By a wide margin, white evangelical Protestants are most likely to say sex is only morally permissible when it occurs within the confines of marriage between a man and a woman. More than eight in ten (83%) white evangelical Protestants agree sex is only moral when it is between a married heterosexual couple, as do more than six in ten (63%) nonwhite Protestants. Just under half of Catholics (46%), four in ten (40%) white mainline Protestants and fewer than one in four (23%) religiously unaffiliated Americans agree.

Unsurprisingly, young adults express a much less restrictive view about the morality of sex. While nearly two-thirds (64%) of seniors agree sex is only moral when it is between a married man and woman, only three in ten (30%) young adults say the same. Nearly seven in ten (69%) young adults disagree that sex is only morally acceptable when it takes place within a heterosexual marriage.

These particular data don’t have anything directly to do with the political conclusions regarding the other issues, but they do explain where those positions come from: the Sexual Revolution has overthrown the Christian view of sex and marriage. Strictly speaking, there is no reason why this can be true but American society also support broad religious liberty protections. But in reality, it’s not going to happen, because discrimination based on sexual desire and sexual categories doesn’t make intuitive sense to people who don’t perceive a meaningful conflict.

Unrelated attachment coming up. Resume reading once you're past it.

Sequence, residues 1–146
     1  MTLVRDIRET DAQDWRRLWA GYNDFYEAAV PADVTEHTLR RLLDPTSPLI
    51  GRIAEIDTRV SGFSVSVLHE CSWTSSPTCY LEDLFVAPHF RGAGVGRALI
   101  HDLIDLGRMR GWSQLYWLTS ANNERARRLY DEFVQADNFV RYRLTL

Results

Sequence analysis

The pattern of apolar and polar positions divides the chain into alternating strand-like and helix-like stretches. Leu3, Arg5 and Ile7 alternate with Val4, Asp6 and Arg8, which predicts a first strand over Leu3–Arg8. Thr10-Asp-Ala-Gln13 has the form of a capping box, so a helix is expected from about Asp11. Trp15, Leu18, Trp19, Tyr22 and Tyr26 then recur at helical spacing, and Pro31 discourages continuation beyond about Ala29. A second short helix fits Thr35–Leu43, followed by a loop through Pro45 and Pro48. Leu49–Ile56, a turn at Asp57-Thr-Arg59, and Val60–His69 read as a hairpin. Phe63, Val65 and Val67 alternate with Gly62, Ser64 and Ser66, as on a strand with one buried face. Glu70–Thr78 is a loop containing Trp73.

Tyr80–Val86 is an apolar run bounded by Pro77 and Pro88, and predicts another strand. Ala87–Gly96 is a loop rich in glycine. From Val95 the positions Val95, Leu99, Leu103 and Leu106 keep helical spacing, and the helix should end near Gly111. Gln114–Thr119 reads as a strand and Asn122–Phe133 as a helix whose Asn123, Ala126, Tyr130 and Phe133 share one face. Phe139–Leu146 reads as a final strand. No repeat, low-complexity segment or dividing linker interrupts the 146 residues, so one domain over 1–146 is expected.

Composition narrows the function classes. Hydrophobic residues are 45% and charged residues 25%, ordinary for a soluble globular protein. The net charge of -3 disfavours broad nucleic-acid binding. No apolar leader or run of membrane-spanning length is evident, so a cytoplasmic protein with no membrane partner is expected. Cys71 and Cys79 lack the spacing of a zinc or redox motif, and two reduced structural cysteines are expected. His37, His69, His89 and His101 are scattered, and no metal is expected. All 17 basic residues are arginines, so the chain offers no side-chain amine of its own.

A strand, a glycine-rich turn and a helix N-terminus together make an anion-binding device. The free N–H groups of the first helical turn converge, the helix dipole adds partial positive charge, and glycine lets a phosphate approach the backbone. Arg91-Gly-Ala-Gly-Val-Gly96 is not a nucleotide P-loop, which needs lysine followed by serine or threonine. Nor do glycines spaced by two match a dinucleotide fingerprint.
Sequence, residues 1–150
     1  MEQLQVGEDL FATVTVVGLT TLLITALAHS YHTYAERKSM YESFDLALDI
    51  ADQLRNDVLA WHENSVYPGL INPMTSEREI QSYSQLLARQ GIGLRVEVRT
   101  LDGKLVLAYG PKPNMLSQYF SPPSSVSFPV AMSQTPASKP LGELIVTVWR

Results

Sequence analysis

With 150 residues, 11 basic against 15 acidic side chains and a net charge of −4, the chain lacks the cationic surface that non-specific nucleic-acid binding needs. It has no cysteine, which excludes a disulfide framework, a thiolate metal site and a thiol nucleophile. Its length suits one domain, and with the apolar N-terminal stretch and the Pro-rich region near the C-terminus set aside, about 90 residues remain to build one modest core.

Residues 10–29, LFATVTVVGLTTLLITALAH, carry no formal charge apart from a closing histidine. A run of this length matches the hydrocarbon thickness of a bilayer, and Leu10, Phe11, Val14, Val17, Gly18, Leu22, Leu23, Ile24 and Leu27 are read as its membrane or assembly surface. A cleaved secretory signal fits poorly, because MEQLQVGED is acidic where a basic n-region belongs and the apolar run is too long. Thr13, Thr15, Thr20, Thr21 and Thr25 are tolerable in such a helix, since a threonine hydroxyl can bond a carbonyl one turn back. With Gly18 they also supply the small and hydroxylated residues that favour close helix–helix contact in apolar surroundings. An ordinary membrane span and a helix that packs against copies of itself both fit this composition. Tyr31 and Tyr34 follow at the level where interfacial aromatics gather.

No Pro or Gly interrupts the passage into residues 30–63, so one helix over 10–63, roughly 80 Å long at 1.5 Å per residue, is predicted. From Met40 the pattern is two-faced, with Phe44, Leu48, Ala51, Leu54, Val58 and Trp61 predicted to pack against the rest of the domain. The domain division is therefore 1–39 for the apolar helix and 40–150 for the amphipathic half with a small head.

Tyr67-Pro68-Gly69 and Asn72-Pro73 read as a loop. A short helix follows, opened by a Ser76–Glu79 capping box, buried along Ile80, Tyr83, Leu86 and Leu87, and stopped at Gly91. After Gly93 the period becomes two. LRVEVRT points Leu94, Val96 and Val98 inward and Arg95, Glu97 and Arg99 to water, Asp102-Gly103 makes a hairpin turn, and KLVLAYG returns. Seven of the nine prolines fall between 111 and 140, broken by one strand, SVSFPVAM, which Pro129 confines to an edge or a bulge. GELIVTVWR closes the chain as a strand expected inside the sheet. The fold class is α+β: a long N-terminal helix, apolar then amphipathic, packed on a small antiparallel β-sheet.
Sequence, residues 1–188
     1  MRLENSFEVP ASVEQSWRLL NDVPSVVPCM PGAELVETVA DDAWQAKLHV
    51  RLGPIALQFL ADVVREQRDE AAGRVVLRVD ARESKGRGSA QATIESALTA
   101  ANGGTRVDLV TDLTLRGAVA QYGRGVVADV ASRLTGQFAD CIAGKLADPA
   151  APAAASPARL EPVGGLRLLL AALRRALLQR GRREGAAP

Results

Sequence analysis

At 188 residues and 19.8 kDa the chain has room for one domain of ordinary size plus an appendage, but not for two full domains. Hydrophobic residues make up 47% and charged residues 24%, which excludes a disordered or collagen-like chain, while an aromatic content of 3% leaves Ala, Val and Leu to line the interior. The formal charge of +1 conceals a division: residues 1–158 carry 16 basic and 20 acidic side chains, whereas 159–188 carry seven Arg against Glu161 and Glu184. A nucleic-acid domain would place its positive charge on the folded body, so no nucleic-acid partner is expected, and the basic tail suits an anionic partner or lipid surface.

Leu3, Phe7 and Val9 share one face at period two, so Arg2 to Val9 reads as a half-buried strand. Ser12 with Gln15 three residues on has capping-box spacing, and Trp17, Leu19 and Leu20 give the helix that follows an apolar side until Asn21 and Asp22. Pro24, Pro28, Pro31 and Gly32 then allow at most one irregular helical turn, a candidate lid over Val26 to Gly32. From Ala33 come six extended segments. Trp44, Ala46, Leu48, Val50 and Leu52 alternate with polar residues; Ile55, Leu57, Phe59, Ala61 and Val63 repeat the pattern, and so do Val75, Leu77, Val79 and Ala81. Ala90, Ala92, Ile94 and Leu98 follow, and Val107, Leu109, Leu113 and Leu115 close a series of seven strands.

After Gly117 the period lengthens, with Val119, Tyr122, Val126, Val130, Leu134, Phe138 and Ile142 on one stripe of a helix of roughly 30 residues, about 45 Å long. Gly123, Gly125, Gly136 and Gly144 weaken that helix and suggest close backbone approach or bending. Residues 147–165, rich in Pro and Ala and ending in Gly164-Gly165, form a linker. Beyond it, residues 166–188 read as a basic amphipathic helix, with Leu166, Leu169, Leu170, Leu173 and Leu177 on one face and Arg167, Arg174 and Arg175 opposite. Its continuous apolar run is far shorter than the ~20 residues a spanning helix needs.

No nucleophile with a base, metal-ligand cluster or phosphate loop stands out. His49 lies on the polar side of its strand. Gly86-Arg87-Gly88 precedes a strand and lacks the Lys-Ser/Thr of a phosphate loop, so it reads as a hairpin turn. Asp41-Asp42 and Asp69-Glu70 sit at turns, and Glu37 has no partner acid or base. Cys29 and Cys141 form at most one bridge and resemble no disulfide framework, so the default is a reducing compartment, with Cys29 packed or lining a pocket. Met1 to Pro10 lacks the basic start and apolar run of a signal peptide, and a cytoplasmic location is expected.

Beyond the law, this is going to have a massive effect on church life over the next few decades. Churches are going to be pressured from within to abandon Christian orthodoxy on sexual matters. Those that do are going to alienate the orthodox within their congregations. Those that do not are going to alienate the growing majority.

A church should always take a stand on the truth, not on what’s popular, but good luck finding today a church that has cast aside orthodoxy on sexual teaching and continued to grow. There is something about the pelvic issues that, once compromised on, make church seem less vital. Did the de facto liberalization on sexuality of European churches keep anyone in the pews? No.

On the other hand, the trends among younger Americans make it clear that churches that do stand by orthodoxy are going to see declining numbers as well. Twenty years from now, a small-town church whose pastor declines to perform a same-sex wedding may well find himself with a congregational mutiny on his hands.

Why does sex matter so much in Christianity? Why can’t we just modify our views to suit the times? How should Christians prepare for this present and growing reality? Answering that question is why I wrote The Benedict Optionwhich will be in bookstores tomorrow. I hope it finds an audience among Christians in the more conservative parts of the country, like the Southern state from which the reader comes. There is no place to escape the Sexual Revolution, and no way for churches to avoid having to deal with its theological, moral, and political consequences.